SC Johnson partners with Rwanda Ministry of Health and the Society for Family Health-Rwanda
Society for Family Health (SFH) Rwanda was established in 2012 to improve the health of the Rwandan communities. SFH provides communities with readily accessible life-saving products, accurate health information, and services that empower communities to make informed and healthy choices. Their major interventions are centered on promotion of behavior change practices through innovation in health communication and social marketing in many areas including, malaria prevention.
Expanding Access to Care
Up to 90% of Rwandans are at-risk for malaria. So in 2018, the Base of the Pyramid Group began a partnership with the Rwanda Ministry of Health and the Society for Family Health- Rwanda.
The partnership connects leaders across academia, health care and the private sector to build a stronger, more integrated health system and to make services more accessible.
The goals for this partnership are two-fold:
- Develop national standards for the distribution and use of spatial and personal insect repellents to reduce the risk of mosquito-borne diseases. These standards will focus on positive behavioral changes to increase safety and efficacy of repellent use.
- Bring much-needed health care closer to under-served communities in Rwanda, and help address public health issues including malaria, HIV/AIDS, family planning, nutrition and access to clean water
Dr. Diane Gashumba, Rwanda Minister of Health, said the partnership will “help to improve family health overall and immediately address health care challenges, like malaria, across the country.”
Working together in that first year, we committed to building 10 community health clinics in rural Rwanda. Each self-sustaining clinic is designed for solar power generation and rainwater collection.
In 2019, we expanded on our commitment, pledging to build another 40 health clinics in rural Rwanda. Through this pledge, we made moves to further expand access to health care and malaria education for local families.
At the clinics, local families found hand washing facilities and TV monitors delivering health messages.
So far, SC Johnson’s support has enabled the creation and operation of 68 health clinics in Rwanda, 1 in South Sudan, 1 in Indonesia, with an additional 20 planned between Kenya and Tanzania. Since January 2020, these clinics have provided care and education to more than 3.2 million people.
In the fight against malaria, an unexpected frontline of defense has emerged working to protect families and communities – it's tens of thousands of local community members, oftentimes the majority being women.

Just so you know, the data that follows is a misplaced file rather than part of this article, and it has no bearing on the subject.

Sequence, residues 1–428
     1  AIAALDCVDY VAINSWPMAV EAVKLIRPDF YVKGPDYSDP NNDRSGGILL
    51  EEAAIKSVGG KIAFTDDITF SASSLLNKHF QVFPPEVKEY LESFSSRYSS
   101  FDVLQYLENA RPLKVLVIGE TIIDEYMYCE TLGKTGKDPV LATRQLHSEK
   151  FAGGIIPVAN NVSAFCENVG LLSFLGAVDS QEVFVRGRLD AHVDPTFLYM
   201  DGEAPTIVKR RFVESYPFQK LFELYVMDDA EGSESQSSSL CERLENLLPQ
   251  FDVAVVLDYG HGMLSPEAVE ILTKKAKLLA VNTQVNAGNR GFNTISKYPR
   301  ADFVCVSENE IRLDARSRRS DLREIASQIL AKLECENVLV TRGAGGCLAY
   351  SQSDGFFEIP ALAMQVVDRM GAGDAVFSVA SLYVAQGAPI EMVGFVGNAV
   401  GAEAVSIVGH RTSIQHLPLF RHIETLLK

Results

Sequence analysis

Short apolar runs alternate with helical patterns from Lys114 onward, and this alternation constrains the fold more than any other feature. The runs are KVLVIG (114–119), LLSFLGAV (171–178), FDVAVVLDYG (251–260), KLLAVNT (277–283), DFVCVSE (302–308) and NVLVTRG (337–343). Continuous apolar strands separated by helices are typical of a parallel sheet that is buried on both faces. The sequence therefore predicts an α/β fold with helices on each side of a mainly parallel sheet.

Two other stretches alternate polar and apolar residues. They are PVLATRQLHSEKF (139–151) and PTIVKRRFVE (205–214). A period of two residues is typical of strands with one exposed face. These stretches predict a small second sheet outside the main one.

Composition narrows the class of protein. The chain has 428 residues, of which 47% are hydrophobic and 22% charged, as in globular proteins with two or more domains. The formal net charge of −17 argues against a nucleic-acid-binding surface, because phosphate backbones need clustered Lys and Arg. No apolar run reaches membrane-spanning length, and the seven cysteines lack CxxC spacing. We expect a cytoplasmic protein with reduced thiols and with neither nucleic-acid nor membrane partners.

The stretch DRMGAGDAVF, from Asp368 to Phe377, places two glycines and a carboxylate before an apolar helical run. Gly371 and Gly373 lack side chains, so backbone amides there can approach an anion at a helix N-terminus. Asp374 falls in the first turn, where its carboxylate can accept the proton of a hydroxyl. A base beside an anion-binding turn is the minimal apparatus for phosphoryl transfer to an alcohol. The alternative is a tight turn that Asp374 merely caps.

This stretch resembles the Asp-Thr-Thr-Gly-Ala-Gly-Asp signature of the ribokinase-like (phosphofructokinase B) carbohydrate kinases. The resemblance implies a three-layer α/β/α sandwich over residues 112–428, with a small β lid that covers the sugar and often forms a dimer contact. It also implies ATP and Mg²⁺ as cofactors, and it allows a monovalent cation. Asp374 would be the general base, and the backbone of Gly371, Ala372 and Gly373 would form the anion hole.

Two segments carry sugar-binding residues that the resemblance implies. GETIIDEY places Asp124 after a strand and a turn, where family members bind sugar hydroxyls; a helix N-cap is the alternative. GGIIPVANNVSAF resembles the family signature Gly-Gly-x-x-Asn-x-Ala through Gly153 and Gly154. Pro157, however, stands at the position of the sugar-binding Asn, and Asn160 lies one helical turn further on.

The work these caregivers take on has a dramatic impact on their communities, but often at the expense of their own economic growth. As they spend days, weeks and months caring for their communities, it becomes nearly impossible to secure consistent work to support their families.
Certified Care is an educational program that trains and empowers women to become officially certified Community Health Workers – the front-line defense of detecting and treating malaria at a community level – and provides them with the ability to earn a living wage for something they've spent a lifetime doing for free: Care.
By becoming certified Community Health Workers through Certified Care, women who have historically had to miss work to treat community members with malaria for free now have the ability to be hired for paying healthcare jobs in the region and earn an income for their work, allowing poverty cycles to be broken and careers to flourish. So far, SC Johnson has certified more than 10,000 Rwandan Community Health Workers through the Certified Care program.
SC Johnson and SFH conducted a pilot focused on the distribution and collection of SC Johnson’s Mosquito Shield™ spatial repellents. This work was supported by the Rwanda Ministry of Health, Rwanda Biomedical Center, and Rusizi district.
As part of the pilot, SFH’s community health workers paired community-wide distribution of more than 520,000 Mosquito Shield™ interventions with a grassroots education program that highlighted the product’s effectiveness against malaria as well as the importance of recycling. SFH then implemented a collection model which collected 99.7% of the distributed spatial repellents. They then worked with a local partner to up-cycle the plastic from used product into building material. This type of up-cycled material is commonly used in Rwanda and throughout Sub- Saharan Africa to build homes, schools, churches, and community centers.
Our hope is the partnership-driven model we’ve piloted here—combining modern waste collection systems, partnerships with local recyclers, and supplemental education and awareness campaigns—can gain more traction in Rwanda and eventually be replicated in other countries.